Daily Blackouts Generate Nigeria Bank Dollar Debt: Africa Credit

Photographer: George Osodi/Bloomberg

A local farm worker puts diesel into a generator in Shonga, Nigeria. Close

A local farm worker puts diesel into a generator in Shonga, Nigeria.

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Photographer: George Osodi/Bloomberg

A local farm worker puts diesel into a generator in Shonga, Nigeria.

Nigeria’s drive to overcome a mismatch between demand for electricity and generating capacity is prompting the nation’s lenders to sell dollar bonds to finance power projects.

The government of President Goodluck Jonathan, which sold 15 state-owned power generation and distribution companies last year, is spending $3.5 billion to boost transmission capacity this year in Africa’s most populous nation by 50 percent from 4,000 megawatts, less than a 10th of South Africa’s full capacity. Funds will come from the sales and borrowing as he seeks to alleviate daily blackouts in the country of 170 million people, the continent’s biggest economy.

Nigeria’s banks are tapping Eurobond markets to be in a position to provide financing for projects including power, with Sterling Bank Plc seeking to raise dollars after Zenith Bank Plc (ZENITHBA), the nation’s second-biggest lender, sold $500 million of five-year notes on April 10. The yield on the security was 6.29 percent yesterday, compared with 5.07 percent in JPMorgan Chase & Co.’s Corporate EMBI Diversified Financial Sector Blended Yield index.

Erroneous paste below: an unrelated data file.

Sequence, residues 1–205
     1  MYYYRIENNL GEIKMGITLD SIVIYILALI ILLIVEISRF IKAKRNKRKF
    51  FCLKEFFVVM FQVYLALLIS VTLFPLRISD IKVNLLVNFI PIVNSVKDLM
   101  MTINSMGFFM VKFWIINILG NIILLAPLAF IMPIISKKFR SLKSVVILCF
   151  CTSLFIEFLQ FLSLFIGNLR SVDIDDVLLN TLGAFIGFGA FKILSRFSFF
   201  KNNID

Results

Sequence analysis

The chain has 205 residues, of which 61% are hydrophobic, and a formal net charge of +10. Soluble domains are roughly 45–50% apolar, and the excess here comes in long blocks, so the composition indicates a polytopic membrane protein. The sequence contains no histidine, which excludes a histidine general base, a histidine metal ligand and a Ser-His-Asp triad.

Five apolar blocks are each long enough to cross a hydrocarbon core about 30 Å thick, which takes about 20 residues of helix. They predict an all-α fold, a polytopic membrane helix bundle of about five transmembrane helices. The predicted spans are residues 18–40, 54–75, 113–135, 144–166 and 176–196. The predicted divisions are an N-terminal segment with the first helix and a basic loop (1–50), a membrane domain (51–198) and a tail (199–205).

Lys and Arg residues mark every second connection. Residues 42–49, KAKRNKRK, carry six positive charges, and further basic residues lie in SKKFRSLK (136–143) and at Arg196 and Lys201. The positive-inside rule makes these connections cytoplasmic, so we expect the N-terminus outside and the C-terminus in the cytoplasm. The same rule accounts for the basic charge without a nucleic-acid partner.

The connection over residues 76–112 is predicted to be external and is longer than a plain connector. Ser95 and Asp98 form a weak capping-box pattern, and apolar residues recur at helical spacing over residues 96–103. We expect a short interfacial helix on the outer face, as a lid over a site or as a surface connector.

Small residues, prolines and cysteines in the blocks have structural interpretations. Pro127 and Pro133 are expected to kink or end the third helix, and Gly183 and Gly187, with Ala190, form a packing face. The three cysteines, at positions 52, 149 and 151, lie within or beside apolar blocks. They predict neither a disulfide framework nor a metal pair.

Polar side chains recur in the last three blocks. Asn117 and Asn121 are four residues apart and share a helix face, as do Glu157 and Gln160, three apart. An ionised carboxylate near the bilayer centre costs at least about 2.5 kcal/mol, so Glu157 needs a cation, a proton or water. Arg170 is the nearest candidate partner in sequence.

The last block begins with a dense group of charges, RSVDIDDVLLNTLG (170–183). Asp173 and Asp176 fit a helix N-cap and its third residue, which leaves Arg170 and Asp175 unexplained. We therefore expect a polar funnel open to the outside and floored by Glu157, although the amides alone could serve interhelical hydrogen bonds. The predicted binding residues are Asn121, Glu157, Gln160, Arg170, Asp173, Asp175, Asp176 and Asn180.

“Nigerian banks will become regular players in the Eurobond market in coming years,” Samir Gadio, an emerging-market strategist at Standard Bank Group Ltd.’s London unit, said in an e-mailed response to questions April 24. “They will need to refinance existing issues before they mature, but also to raise more funding for the financing of power, oil and gas and infrastructure projects.”

Strong Demand

The state’s disposal of its power assets last year attracted about $2.4 billion, with most of the financing arranged by local banks, Wale Shonibare, the managing director of investment banking at Lagos-based UBA Capital Plc, said in a Bloomberg TV Africa interview broadcast April 25.

Demand for Zenith’s bonds was more than double the amount on sale, the Lagos-based lender said in an e-mailed statement on April 17, without saying what the money will be used for. The issuance, arranged by Goldman Sachs Group Inc. and Citigroup Inc., is part of a $1 billion global medium-term note program. Zenith declined to comment beyond the statement.

Sterling Bank (STERLNBA) plans to sell a Eurobond in 2015 and will also start talks with investors to raise $200 million this year, Chief Financial Officer Abubakar Suleiman said by phone from Lagos on April 24.

“The amount for the Eurobond has not been determined,” he said. “It is intended to help the bank finance growth.”

‘Lending Spree’

Guaranty Trust Plc, Nigeria’s biggest bank, which raised $400 million in November for oil and gas investments out of a $1 billion bond program, has enough short-term dollar funding, according to Chief Executive Officer Segun Agbaje.